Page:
[THE INVESTOR] Korean premium massage chair maker Bodyfriend has no immediate plans to make its stock debut, according to its largest shareholder VIG Partners on March 7.
“We have no plans for Bodyfriend’s IPO anytime soon,” Lee Chul-min, managing partner of VIG Partners, the Seoul-based private equity firm, told The Investor. “It’s been less than three years since we acquired the firm. We will make more efforts to accelerate its growth and global expansion.”
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Bodyfriend’s upbeat sales have stirred speculations about its imminent market debut that is closely linked to VIG’s exit plans. Since the PEF acquired the firm in 2015 for 400 billion won (US$374.39 million), its operating profit almost doubled to 120 billion won last year. Now the market valuation is estimated to reach almost 2 trillion.
“We did hold some meetings with IPO advisors but are still gauging the market sentiments,” Lee added.
He also offered an upbeat outlook for Bodyfriend’s growth, saying the nation’s massage chair market is still in its infancy with the filtration rate remaining below 5 percent, as compared to 15-20 percent in Japan and Taiwan. For its global push, the firm plans to pour resources into nascent but larger markets like the US and China.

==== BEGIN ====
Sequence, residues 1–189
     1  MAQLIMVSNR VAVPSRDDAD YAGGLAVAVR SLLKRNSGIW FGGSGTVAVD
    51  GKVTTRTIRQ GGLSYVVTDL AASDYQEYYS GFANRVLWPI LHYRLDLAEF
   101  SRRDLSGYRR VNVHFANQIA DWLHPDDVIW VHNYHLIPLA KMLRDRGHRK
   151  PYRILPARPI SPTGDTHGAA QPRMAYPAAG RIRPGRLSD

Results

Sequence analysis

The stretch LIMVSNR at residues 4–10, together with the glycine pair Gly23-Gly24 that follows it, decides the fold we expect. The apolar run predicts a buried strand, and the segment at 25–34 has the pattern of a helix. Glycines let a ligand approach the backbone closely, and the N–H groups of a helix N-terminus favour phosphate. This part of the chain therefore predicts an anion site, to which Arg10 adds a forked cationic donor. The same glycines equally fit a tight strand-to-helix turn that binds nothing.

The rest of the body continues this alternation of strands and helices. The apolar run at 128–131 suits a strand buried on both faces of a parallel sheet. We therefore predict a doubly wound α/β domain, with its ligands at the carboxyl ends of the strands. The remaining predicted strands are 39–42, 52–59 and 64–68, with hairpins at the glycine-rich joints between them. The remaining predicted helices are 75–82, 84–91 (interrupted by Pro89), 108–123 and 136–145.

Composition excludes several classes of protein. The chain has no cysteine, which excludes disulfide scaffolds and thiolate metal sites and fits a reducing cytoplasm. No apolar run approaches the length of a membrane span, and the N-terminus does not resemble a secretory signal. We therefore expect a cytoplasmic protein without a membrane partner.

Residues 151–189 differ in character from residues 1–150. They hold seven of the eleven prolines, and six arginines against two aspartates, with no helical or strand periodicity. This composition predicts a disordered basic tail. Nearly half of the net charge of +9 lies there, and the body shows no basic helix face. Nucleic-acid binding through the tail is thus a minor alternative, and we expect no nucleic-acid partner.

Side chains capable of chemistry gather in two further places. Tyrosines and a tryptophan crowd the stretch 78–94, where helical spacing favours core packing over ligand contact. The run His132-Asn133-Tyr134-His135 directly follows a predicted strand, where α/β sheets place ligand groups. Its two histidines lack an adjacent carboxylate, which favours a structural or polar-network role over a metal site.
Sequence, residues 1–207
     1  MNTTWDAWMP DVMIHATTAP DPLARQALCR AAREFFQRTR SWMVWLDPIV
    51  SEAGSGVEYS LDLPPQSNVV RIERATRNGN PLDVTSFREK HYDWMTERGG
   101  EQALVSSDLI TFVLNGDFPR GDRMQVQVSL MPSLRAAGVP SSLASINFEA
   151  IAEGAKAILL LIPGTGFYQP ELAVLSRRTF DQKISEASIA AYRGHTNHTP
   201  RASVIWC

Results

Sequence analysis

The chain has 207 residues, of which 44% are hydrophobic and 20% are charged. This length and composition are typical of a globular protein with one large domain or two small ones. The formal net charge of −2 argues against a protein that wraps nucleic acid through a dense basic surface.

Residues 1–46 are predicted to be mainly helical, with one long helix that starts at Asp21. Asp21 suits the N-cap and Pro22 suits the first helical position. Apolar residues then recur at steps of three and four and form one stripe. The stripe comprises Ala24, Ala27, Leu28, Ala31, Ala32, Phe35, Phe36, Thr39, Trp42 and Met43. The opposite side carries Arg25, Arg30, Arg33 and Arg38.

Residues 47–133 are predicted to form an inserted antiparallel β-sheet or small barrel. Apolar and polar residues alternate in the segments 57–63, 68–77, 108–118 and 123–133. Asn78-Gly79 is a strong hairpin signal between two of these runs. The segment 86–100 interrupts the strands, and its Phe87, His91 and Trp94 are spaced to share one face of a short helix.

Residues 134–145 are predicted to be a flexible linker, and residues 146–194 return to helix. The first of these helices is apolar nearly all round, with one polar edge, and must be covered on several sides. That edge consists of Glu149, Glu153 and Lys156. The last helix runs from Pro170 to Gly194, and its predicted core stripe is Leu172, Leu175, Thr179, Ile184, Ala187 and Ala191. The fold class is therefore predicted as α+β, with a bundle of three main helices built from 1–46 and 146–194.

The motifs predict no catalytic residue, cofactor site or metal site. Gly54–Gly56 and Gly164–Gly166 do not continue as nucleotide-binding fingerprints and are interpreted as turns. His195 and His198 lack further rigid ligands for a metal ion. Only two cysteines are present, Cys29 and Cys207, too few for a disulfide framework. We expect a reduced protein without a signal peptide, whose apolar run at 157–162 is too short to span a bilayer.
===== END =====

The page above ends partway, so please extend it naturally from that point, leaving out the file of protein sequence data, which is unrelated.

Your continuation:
VIG, formerly Vogo Investment, one of the nation’s first PEFs established in 2005. While its local rivals like MBK Partners and IMM Private Equity have been seeking global expansion, it has been focusing on mid-sized deals in Korea -- now the most dynamic buyout market in Asia. Lee, former senior project leader at Boston Consulting Group, is one of the firm’s founding members.
VIG Partners managing partner Lee Chul-min
The PEF, currently in its third funding round, has so far acquired more than 15 firms mostly in retail and consumer sectors. It sold Burger King Korea for 210 billion won to Hong Kong-based Affinity Equity Partners in 2016 -- almost double the buying price of 110 billion won from Doosan Group in 2012. Its recent purchases include Youyoung Industries, a local sneaker material maker, for 220 billion won; Klasse Auto, the largest dealer of Volkswagen cars here, for 20 billion won; funeral service firm Good Sangjo for 65 billion won; and Samyang Optics, an optical equipment maker, for 68 billion won.
“For the current third fund worth 700 billion won, about one-third of the investors were foreign institutional investors. We aim to raise the portion up to 50 percent in order to more promptly respond to risks in different markets,” Lee said, adding the firm plans to raise the fourth fund worth about 800 billion won next year.
“Korea, along with Australia, is the only Asian market where sizeable buyout deals are made. We will further strengthen our specialty in adding value to undervalued firms with great potential here.”
By Lee Ji-yoon (firstname.lastname@example.org)